Engrossing…I admire this graceful and intimate writer for her literary sleight of hand: you don’t so much read about her characters as you inhabit them.
Hood’s novel is rich with pleasures, and will
no doubt launch a thousand book club discussions.
Hood examines the push and pull between mothers
and grown children and the transformative power of fiction.
Great novelists can envelop you in relatable plot lines that make you feel like you’re part of the story. That’s what Ann Hood, author of the much beloved The Knitting Circle, does in her latest.
The Book That Matters Most by Ann Hood works on so many levels. First, it’s a delightful read. Second, it’s full of great book suggestions. And third, it’s inspiration for book groups.
The Book That Matters Most is an exhilarating celebration of all that books awaken within us: joy, love, wisdom, loss, solace. Ann Hood is a captivating storytellerI devoured this novel.
Ann Hood’s eye for the absurd, her masterful prose and vivid characters instantly draw you into this compelling story about mothers and daughters, husbands and wives, friends and lovers. But it’s the delicate exploration of human fallibility – of love, loss, regret and redemption that make this one of those rare and wonderful books that truly matter.
Hood’s (The Obituary Writer) latest novel is a moving, intricate story about loss, healing, and the value of critical thinking. A year after being left by her husband, Ava is still reeling from the grief of separation, which brought back the pain of losing her sister and mother early in life. In order to branch out and meet new people, Ava joins a book club where each member must choose a book that matters most to them for the group to discuss. Although the new activity keeps her engaged, Ava, who lives in Providence, R.I., still feels alone, with her son abroad in Africa and her daughter studying in Florence. What Ava doesn’t know is that her daughter has recently quit school and is now living in Paris under increasingly dangerous circumstances. Ava doesn’t immediately enjoy the book group (she watches a movie adaptation instead of reading the first book), but bit by bit, book by book, she rediscovers her love of reading, makes new friends, and begins to heal. As the narrative focus moves among different characters and back and forth in time, suspense builds about what happened to Ava’s mother and sister and what might happen to her daughter. Meanwhile, the book club allows Ava to examine her grief and slowly learn how to move forward. This is a gripping, multifaceted novel about recovering from different kinds of loss and the healing that comes from a powerful story. (Aug.)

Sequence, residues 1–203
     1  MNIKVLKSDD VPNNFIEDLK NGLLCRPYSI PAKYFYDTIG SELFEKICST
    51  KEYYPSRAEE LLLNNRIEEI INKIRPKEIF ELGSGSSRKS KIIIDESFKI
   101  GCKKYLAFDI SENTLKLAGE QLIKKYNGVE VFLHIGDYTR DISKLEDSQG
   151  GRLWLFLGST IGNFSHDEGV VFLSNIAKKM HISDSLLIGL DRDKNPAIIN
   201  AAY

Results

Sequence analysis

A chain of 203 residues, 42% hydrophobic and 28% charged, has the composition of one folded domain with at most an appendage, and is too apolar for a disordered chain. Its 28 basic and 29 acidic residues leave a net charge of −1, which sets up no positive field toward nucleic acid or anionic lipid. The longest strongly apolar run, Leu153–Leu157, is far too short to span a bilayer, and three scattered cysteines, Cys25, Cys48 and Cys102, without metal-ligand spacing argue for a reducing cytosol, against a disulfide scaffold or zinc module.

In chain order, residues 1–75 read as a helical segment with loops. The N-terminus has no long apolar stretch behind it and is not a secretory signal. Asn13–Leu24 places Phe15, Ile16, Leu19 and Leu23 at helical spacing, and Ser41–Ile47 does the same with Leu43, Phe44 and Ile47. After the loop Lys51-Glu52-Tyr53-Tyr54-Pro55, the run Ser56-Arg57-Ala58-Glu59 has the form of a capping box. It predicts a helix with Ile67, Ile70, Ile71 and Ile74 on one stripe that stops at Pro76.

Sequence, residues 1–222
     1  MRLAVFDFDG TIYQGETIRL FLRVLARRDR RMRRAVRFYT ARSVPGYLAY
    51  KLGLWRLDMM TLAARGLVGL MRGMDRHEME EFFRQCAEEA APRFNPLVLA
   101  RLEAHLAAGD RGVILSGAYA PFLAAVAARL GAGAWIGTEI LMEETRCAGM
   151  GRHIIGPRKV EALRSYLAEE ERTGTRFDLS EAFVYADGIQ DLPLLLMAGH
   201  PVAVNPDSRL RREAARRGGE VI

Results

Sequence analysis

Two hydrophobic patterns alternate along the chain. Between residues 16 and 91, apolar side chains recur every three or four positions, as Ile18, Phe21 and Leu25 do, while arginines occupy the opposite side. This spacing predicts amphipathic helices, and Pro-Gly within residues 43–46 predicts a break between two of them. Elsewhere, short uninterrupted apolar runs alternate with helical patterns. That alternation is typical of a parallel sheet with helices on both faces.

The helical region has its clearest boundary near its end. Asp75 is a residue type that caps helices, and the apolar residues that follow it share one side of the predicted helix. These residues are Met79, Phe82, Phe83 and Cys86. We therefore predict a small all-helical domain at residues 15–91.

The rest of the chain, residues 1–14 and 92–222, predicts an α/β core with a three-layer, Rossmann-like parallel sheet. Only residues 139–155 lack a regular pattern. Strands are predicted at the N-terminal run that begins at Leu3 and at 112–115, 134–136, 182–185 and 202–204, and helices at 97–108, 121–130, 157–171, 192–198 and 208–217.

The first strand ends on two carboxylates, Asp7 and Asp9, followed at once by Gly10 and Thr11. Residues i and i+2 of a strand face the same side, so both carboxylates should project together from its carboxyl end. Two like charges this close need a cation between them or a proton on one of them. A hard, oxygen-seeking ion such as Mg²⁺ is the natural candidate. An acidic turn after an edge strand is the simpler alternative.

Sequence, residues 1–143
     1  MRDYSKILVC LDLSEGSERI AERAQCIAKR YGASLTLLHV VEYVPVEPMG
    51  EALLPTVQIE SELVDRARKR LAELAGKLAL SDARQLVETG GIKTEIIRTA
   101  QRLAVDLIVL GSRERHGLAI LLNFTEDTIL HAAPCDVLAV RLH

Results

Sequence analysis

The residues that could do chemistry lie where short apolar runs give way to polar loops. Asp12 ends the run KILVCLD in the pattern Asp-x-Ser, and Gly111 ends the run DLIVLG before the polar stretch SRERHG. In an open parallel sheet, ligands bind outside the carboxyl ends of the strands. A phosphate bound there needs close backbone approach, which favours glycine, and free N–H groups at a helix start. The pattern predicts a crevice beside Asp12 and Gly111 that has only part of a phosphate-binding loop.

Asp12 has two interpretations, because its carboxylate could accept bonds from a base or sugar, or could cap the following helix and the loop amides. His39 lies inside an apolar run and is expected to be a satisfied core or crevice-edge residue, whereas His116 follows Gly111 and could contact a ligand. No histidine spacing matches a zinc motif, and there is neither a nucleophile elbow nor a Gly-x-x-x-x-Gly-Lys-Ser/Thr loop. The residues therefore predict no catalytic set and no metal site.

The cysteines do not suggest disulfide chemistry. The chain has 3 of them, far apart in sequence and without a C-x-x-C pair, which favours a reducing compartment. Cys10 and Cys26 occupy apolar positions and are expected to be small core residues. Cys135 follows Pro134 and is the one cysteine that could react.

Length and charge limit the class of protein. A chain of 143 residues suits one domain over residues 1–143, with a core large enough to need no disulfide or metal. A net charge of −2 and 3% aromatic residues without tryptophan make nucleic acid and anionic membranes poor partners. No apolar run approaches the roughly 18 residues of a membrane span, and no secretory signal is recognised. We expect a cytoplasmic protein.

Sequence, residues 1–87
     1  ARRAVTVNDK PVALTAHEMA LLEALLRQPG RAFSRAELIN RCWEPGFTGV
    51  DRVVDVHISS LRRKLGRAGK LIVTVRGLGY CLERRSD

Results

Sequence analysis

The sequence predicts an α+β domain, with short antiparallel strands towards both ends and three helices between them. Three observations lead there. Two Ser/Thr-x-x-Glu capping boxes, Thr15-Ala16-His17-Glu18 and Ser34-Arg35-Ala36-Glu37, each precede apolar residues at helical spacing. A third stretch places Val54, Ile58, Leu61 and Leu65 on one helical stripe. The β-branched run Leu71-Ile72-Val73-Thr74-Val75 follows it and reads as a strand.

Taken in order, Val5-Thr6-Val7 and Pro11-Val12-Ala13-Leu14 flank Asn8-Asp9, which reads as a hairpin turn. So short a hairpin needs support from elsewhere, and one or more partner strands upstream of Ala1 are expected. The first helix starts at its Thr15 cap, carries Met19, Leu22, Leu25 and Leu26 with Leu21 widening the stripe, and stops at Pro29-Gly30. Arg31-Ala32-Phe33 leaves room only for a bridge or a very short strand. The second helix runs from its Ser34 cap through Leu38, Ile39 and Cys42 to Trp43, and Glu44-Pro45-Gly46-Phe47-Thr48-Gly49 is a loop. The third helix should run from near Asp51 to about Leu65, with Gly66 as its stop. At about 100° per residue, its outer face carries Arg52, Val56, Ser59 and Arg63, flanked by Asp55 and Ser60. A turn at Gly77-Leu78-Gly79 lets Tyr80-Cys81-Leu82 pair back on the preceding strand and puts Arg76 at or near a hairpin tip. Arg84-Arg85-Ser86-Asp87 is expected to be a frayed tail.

As with Gabrielle Zevin's The Storied Life of A.J. Fikry and Katarina Bivald's The Readers of Broken Wheel Recommend, this new book from Hood (The Obituary Writer) celebrates reading and the power of literature. The focus is a library book club and Ava, a French teacher, its most recent member. Separated from her husband and experiencing a bit of an empty-nest syndrome as her grown children explore the world, Ava seeks companionship in the group but is taken aback by the theme; to present a book that served an important role in her life. She searches for a lost novelist who wrote a memorable story that helped her through her childhood traumas. While some might become intrigued as more details of Ava's past are gradually revealed, they also deserve a more developed, sharpened plot than this far-fetched, somewhat preposterous novel provides. VERDICT Hood's effortlessly readable story is sure to divide readers—between those who are captivated and those who desire a more detailed story line. [See Prepub Alert, 2/21/16; library marketing.]—Andrea Tarr, Corona P.L., CA
A mother and a daughter seek balance in their broken lives while books provide them with comfort, clarity, and clues to a mystery.When Ava North joins her best friend's long-running book club in Providence, Rhode Island, it is not to find solace from the long-ago deaths of her little sister and mother. That wound is locked up tight. Instead, it's because her husband of 25 years has left her for another woman, and Ava is bitter and lonely. So much so that she's a refreshingly cranky, reticent participant in the club, whose theme for the year is "The Book That Matters Most" to each member. It's somewhat suspect, but forgivable, that all the members save Ava choose well-regarded classics, but Hood (An Italian Wife, 2014, etc.) handles it with a light touch. Meanwhile, Ava's problem child, Maggie, continues running with the wrong crowd when she abandons her study-abroad semester in Italy to haunt Paris, where she slips willingly into heroin addiction. There is momentum in the juxtaposition of Ava's and Maggie's circumstances, one improving incrementally, one devolving steadily, into which the spice of intrigue is added: what were the circumstances of Ava's sister's death? What of her mother's? Why is Maggie the way she is? And what does Ava's little-known book pick—the book that matters most to her—have to do with all of it? Hood occasionally adds a slurry of unnecessary exposition but is more often able to limn fundamental character truths via well-placed details. She has a knack for dramatic revelation that feels natural, possibly because she is so skilled at knowing what to leave out. Whether or not they think of themselves as bookish, readers of all stripes will enjoy cycling through these characters' lives and discovering their shared, mysterious past.